In the process I managed to inadvertently strike a blow for women’s lib. When I met with the Journalism faculty with my list of staff members they shocked me by calling the staff “Stewart’s harem” because all the top jobs (except sports editor) were held by women. I hadn’t noticed this at all before that moment and replied that it just so happened that women deserved to have all those jobs. I should have said, “I’ll do anything to get a date.”

    This turned out to be a very talented group of people, who were great fun to work with. These were heady times. The Vietnam War – and the protest movement – were in full swing. The Baby Boomers were trying to take over the world and the sexual revolution was on.

    I could tell some juicy stories about this staff, but won’t. After all, we’re grandparents now and are pretending to be dignified.

    An editor at a paper I worked on paid high praise to former Cougar staffers. He said he liked it when UH people came to work at his paper because they always seemed to be seasoned journalists who could be sent right out to cover stories. Also, after making $5 a day on the Cougar, they didn’t tend to bitch about the pay.

    Richard Stewart, Cougar staffer, Fall, 1969-Spring, 1971 - editor, Fall, 1970

    So, it's 1967 and my first day at UH. I waltz into the Houstonian office, bold as brass and tell the editor, Linda Calloway, that I'd like her job someday. Why she hired such an arrogant little snit I'll never know, but for the next three years, yearbook deadlines were far dearer to me than boyfriends, booze and books.

    And, all that endless sentimental drivel about the sixties...ITS ALL TRUE! We had the time of our lives, discovering and demonstrating over values that I still hold dear. A fortunate few of us got to play in that arena as peer-reviewer and reviler at the same time. It was magical.

    ... and where did we all go? Some became VISTA volunteers with trekking escapes to Europe, like Tim Fleck and myself. Others went in to politics like Diane Baxter Trautman. Don Stowers are you still writing? Beverly Dee – are you still a libertarian? Tom Cammack, Geary Piercy, Roy Hammond, and Mike Calloway - does the camera still flash for you? Which one of you took the girl in long black coat picture on this website? And Benai Bryants? Sweet, creative Karyn, … you kept us calm. Haven’t seen Anne Trueheart and Bill MacElwaine since I and my now husband showed up in Haight Asbury and asked for a place to crash. Are you still in San Fran?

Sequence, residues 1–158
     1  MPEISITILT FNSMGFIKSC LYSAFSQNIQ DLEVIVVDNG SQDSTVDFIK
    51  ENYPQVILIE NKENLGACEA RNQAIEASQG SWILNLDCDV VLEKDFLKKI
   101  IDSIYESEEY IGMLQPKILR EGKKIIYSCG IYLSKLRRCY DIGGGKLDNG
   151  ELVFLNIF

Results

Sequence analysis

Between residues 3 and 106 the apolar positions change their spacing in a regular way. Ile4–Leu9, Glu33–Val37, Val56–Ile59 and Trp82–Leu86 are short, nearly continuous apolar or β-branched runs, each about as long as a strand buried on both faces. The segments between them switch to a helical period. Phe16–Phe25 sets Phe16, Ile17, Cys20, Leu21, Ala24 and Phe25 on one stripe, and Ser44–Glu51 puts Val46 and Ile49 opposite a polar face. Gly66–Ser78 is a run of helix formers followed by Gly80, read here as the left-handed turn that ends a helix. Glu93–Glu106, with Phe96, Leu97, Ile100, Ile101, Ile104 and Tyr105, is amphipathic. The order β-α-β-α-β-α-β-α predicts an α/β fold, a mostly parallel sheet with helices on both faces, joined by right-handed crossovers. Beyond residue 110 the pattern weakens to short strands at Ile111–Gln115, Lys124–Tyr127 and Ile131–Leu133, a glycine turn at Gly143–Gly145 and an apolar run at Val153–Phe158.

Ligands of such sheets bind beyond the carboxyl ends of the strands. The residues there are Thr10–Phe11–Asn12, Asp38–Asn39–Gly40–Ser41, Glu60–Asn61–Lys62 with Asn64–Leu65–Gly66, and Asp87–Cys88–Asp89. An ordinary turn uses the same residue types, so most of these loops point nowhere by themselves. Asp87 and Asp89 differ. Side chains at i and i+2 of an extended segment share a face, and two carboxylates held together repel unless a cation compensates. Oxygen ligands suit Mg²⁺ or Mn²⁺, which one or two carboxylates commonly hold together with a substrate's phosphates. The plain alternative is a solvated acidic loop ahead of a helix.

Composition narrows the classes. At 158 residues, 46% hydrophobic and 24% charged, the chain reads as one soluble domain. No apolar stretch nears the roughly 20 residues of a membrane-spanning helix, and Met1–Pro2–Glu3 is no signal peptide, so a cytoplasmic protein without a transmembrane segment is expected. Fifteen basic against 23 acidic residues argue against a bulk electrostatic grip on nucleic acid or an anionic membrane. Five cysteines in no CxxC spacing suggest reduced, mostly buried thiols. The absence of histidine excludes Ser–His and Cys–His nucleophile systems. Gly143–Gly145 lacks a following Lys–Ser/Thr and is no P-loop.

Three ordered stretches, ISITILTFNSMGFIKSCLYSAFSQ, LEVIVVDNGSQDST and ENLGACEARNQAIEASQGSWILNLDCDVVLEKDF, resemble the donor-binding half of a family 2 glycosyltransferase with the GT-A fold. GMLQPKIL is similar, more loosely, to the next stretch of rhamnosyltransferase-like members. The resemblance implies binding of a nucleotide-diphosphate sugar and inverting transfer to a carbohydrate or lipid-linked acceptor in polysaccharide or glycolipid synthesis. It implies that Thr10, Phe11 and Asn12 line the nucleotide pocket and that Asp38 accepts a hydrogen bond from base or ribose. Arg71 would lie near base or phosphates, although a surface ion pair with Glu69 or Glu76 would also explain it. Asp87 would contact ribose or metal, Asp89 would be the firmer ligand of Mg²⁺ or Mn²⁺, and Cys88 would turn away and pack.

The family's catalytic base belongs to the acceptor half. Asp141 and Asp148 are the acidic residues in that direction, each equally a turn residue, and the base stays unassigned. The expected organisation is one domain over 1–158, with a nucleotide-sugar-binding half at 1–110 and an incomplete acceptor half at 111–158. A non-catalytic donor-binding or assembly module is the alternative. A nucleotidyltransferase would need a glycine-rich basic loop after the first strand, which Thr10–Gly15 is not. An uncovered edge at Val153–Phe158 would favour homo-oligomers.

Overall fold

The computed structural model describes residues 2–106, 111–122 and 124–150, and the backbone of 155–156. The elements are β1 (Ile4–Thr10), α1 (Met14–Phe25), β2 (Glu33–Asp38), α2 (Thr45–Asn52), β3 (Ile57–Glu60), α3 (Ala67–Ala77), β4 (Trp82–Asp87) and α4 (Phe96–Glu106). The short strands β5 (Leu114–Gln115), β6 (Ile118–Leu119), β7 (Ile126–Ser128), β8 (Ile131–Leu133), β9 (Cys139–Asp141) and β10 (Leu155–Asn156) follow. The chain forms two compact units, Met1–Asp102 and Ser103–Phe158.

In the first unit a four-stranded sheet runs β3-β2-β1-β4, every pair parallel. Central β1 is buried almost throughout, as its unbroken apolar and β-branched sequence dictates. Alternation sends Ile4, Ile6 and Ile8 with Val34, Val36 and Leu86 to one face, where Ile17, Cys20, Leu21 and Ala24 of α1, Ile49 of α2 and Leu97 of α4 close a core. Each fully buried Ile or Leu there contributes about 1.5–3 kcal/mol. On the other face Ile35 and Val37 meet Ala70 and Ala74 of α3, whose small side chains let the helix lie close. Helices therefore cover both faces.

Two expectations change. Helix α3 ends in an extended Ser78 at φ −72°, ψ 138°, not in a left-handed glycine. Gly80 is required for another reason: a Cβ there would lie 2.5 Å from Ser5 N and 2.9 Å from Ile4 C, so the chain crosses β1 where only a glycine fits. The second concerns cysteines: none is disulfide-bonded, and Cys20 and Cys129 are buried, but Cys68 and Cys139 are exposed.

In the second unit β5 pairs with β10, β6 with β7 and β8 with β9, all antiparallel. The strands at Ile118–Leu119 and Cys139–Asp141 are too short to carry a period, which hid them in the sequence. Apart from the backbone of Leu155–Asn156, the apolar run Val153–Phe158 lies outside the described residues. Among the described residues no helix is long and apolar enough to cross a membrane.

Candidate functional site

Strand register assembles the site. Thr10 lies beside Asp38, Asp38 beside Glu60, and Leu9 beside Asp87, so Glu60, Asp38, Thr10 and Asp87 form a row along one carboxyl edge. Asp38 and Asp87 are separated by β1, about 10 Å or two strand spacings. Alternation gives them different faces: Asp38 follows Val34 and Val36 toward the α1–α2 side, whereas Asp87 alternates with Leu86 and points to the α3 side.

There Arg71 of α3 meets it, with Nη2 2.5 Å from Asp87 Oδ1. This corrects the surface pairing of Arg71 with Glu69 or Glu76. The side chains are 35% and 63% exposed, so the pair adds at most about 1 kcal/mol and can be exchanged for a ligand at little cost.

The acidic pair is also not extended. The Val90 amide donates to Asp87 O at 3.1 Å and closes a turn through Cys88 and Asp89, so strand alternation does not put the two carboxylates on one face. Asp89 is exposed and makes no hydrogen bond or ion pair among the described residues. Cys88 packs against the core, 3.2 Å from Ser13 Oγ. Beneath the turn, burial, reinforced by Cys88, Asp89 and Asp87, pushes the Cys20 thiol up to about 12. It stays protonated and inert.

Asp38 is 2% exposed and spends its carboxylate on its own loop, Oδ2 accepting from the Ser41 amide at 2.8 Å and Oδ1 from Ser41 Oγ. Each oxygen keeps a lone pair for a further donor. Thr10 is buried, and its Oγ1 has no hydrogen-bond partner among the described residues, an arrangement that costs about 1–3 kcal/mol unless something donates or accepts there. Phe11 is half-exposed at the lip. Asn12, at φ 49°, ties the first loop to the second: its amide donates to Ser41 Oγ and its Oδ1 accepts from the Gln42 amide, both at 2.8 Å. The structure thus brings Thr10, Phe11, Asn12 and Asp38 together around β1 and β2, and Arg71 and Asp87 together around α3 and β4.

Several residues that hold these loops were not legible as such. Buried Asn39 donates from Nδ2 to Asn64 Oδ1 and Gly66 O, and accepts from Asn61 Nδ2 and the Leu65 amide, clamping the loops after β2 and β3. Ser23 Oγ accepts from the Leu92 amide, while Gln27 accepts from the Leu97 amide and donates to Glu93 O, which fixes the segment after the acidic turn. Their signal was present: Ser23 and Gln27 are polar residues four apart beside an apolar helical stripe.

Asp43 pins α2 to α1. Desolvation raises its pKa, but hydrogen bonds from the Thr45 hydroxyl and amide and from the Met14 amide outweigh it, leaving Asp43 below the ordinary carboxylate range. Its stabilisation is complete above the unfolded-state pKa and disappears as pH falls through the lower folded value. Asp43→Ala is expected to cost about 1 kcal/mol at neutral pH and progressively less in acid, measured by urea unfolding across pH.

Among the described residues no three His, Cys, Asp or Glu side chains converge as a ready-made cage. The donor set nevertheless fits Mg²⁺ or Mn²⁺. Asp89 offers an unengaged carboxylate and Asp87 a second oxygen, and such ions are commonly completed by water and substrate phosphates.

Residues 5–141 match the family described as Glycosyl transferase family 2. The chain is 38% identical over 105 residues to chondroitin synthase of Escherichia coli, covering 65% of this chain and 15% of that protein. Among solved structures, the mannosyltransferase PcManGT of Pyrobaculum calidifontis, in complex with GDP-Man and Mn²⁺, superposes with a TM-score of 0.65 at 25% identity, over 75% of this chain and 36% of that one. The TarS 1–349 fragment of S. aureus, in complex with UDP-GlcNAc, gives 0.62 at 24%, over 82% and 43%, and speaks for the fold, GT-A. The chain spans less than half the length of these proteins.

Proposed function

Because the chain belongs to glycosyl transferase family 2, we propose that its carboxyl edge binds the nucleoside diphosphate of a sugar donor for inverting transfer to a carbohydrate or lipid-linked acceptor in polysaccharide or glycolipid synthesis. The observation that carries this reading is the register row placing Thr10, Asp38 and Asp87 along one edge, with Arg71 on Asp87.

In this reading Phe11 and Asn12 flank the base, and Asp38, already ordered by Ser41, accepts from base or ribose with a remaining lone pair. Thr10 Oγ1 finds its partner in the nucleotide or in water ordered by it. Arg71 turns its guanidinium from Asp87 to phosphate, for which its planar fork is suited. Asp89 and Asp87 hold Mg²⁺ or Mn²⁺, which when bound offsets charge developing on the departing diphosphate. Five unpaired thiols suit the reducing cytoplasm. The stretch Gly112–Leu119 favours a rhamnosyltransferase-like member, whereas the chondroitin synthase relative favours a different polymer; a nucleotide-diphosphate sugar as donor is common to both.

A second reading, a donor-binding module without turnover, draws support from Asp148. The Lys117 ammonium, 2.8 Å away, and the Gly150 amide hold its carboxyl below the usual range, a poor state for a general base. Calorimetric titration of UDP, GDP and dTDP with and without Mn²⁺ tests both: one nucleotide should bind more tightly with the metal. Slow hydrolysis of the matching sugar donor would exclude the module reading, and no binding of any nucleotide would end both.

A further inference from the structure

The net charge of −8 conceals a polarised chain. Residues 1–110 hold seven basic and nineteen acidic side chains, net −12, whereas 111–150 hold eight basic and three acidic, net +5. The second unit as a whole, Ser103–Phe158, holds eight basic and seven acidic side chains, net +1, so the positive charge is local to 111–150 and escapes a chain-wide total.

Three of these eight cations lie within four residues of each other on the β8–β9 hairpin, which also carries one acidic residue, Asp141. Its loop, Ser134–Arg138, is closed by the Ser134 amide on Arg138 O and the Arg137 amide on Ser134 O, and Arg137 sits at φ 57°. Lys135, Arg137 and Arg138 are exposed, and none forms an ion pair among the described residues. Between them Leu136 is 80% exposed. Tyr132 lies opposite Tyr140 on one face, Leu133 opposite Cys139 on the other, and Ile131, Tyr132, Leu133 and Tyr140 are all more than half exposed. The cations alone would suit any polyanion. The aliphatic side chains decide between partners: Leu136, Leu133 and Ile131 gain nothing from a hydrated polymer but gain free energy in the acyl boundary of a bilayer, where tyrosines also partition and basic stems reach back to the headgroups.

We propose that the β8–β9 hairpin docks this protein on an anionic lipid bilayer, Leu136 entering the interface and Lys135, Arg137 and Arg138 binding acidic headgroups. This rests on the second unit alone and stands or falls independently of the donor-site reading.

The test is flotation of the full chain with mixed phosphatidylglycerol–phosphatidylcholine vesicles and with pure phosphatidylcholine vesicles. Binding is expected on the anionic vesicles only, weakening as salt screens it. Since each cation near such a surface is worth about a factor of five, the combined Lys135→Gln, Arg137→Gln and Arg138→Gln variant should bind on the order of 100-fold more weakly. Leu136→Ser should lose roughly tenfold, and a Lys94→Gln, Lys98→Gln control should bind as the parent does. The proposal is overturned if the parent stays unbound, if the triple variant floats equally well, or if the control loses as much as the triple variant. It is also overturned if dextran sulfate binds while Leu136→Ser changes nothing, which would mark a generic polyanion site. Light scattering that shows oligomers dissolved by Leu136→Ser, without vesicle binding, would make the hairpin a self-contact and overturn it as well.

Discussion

I’d love to know where all my other favorite freaks and flowers have gone from those student publication days. It’s been a long time passing ...

    Judy Beust Harrington, Houstonian Editor, 1970

    Wanted to add to my recent memories of Student Publications and more specifically the 1964 Houstonian. Our staff did a great job with this edition. The 1964 Houstonian was the first of our yearbooks to receive All-American Honors from the three rating services. We truly had a great staff.

    Charlie Sicola, Houstonian yearbook

    I found my life, my career, my best, lifelong friends at the Daily Cougar. And it happened because my application landed face up on the newsroom floor. The Fall 1970 editor Richard Stewart and Sports Editor Steve Pate bought a six-pack of beer for an evening of scrutinizing applications for the coming semester. There may have been more than one six-pack. They ended up throwing the apps up in the air those whose apps landed face up were invited to try out for reporter positions.

    Painfully shy, I showed up for my tryout and a gruff news editor, Gloria Smith, handed me a flyer for the Tutorial Project, told me to go to the UC and get a story. I was petrified to approach the total strangers at the Tutorial Project table, but was more scared of Gloria, who looked like she could chew the ass off an elephant if you didn't deliver copy on time. I meekly introduced myself to the Tutorial boys and as soon as they heard "Daily Cougar" they were pulling out a chair in welcome. It was the last shy moment I ever had.

    I was sitting on the floor behind Micky Leland, wearing a string of chains across his t-shirted chest when Gov. Preston Smith addressed students in the UC. Mickey and his posse started tossing fake reefers on the stage and shouted for Smith to "Free Lee Otis," the black guy in state prison facing a 30-year sentence for smoking pot. The governor's security and always professional red jacketed Traffic and Security officers (serving under Larry Fultz) hustled ol' Bubble Head out of the building, me running behind them. The governor said he couldn't understand why the crowd was shouting about "frijoles."

    Before Watergate brought down Richard Nixon, Daily Cougar reporters "followed the money" and uncovered student funds misappropriated by the Student Association. The scandal led to the resignation or impeachment of SA President and a perpectual student who had manipulated the student administration to buy a video tape camera and other electronic equipment. I wasn't involved in the stories, but Eric Gerber probably remembers. He was managing editor under Rita Bloom at the time. I think the reporter's name was Peggy Reid. The stories caused much friction between the student government and the Cougar. Guidance and encouragement from department chair Campbell Titchenor kept us going.